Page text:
3. When you believe in yourself, you put all of your guts in

put all your guts in

When I first started my own business, I was scared, nervous, and super anxious. I worried about my design skills being enough, and I worried about getting clients, I worried about balancing it all, and ok.. well.. about EVERYTHING. I was a big hot mess. And then one day, it dawned on me: I had NOTHING to loose. Literally. When I realized I had nothing to loose, I was able to believe in myself, and put all of my guts into each project. And that was a great place to start, because when you put all of your guts in, you win! Your work reflects that. Your clients sense that, and you reflect that in your attitude and in who you are. It’s an amazing thing.

4. When you believe in yourself, you live the journey

live the journey

Believing in yourself doesn’t mean that you will succeed right away. It doesn’t even mean that you won’t fail. You probably will. Working with all your guts is a risky business. But when you believe in yourself, you know that each failure brings lessons you couldn’t learn any other way. (It’s true, my greatest failures & mistakes as a designer have taught me the most important lessons)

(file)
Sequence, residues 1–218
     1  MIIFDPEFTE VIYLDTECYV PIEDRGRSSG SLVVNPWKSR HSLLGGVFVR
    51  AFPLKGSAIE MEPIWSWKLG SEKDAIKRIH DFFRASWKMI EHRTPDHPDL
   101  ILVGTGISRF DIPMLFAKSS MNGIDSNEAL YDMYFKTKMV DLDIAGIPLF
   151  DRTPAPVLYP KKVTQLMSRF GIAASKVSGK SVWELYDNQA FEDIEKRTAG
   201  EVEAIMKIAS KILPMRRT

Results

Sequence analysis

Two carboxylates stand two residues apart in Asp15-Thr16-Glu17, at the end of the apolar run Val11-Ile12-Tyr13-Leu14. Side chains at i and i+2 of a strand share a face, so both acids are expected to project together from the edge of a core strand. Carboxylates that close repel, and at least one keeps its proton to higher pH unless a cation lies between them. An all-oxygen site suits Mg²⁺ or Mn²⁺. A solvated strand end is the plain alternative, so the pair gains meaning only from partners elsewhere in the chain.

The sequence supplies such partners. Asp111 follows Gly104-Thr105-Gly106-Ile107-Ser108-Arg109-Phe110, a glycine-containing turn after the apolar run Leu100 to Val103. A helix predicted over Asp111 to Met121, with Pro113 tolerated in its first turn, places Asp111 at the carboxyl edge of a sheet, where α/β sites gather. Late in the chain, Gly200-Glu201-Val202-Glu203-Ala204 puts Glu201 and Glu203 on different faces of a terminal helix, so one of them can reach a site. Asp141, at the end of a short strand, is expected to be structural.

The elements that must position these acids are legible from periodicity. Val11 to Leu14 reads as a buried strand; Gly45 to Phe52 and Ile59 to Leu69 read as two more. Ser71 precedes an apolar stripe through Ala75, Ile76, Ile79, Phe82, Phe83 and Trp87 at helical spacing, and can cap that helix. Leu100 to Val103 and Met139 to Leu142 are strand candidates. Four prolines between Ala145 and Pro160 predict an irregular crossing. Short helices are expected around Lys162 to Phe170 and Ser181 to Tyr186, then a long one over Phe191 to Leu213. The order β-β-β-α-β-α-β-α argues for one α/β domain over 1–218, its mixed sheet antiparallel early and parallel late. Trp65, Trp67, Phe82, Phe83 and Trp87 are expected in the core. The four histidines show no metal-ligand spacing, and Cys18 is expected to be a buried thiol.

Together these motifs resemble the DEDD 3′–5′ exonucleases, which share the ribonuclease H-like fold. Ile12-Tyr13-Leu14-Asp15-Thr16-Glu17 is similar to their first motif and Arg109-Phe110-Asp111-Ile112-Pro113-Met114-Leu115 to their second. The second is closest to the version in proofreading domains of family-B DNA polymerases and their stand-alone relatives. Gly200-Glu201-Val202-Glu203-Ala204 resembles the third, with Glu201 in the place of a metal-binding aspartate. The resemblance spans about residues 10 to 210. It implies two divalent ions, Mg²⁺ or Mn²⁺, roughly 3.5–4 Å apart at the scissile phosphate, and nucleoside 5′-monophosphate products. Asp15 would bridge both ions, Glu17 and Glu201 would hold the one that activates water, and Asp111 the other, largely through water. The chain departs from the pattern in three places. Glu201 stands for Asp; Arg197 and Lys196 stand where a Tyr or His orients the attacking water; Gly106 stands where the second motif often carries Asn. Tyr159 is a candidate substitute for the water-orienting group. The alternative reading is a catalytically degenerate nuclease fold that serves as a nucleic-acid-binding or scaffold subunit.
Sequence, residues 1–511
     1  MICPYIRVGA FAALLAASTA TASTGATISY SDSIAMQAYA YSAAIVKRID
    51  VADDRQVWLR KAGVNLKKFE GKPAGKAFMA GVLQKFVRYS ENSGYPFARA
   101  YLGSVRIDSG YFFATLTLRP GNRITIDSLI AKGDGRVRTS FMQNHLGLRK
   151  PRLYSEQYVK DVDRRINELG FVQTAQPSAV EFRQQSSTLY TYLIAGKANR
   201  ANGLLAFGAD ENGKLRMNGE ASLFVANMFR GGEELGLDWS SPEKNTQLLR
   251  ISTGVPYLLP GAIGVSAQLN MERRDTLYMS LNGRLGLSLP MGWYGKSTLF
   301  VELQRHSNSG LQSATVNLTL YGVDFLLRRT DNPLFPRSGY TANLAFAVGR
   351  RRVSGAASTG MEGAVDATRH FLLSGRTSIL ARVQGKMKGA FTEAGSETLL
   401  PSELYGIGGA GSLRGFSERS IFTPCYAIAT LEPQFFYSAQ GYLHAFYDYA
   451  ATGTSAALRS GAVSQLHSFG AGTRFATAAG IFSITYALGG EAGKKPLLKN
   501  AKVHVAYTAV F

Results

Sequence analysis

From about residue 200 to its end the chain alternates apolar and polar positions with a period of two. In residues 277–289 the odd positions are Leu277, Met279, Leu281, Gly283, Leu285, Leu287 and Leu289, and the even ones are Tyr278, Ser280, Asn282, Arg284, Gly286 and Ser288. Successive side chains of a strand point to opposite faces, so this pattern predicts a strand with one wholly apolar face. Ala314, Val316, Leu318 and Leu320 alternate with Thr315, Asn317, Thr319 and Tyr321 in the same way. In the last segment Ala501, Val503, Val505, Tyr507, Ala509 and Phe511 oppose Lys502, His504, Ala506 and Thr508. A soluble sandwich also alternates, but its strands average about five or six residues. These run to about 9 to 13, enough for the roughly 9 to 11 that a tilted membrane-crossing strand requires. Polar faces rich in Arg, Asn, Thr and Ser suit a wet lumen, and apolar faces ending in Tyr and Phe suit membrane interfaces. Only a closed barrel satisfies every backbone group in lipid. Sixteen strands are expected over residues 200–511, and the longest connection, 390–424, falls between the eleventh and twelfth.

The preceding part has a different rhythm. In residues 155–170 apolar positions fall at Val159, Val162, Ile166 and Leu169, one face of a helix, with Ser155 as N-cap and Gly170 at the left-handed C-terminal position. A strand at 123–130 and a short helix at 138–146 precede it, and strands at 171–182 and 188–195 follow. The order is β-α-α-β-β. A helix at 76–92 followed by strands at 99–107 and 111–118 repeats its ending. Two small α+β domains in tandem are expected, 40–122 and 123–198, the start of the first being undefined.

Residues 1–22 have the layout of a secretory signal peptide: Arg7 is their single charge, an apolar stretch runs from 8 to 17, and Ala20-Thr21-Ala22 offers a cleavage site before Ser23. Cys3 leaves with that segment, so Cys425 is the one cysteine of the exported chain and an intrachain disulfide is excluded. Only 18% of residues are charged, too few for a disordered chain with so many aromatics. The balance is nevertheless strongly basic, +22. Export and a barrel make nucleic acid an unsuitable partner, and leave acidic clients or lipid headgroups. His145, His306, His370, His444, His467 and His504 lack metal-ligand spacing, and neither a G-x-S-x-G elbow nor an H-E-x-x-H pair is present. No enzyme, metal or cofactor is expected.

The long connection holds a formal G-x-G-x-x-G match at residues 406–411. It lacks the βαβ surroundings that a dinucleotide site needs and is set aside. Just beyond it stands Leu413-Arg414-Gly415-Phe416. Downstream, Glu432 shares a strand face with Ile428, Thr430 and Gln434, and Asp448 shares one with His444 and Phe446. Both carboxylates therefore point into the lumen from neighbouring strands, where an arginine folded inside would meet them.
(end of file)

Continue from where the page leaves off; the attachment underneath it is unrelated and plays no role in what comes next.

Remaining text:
It will take years to create what only you can envision. But when you believe in yourself, you know it takes time. You know that each triumph is important, wonderful, and something to celebrate. When you believe in yourself, you live the journey. You love being creative, and you love your job

Creative Business: When Things Go Wrong

Obviously when you are running a business, you don’t plan for things to go wrong. However, when you are hustling and working hard towards your goal, things are going to occasionally go sideways. No one is perfect, and so it goes without saying, no business will be perfect. You are going to make mistakes, and these can range from: printing something the wrong size, accidentally offending a client or incorrectly estimating how long a project will take to complete. (I will note here that I have made all of these mistakes at some point!)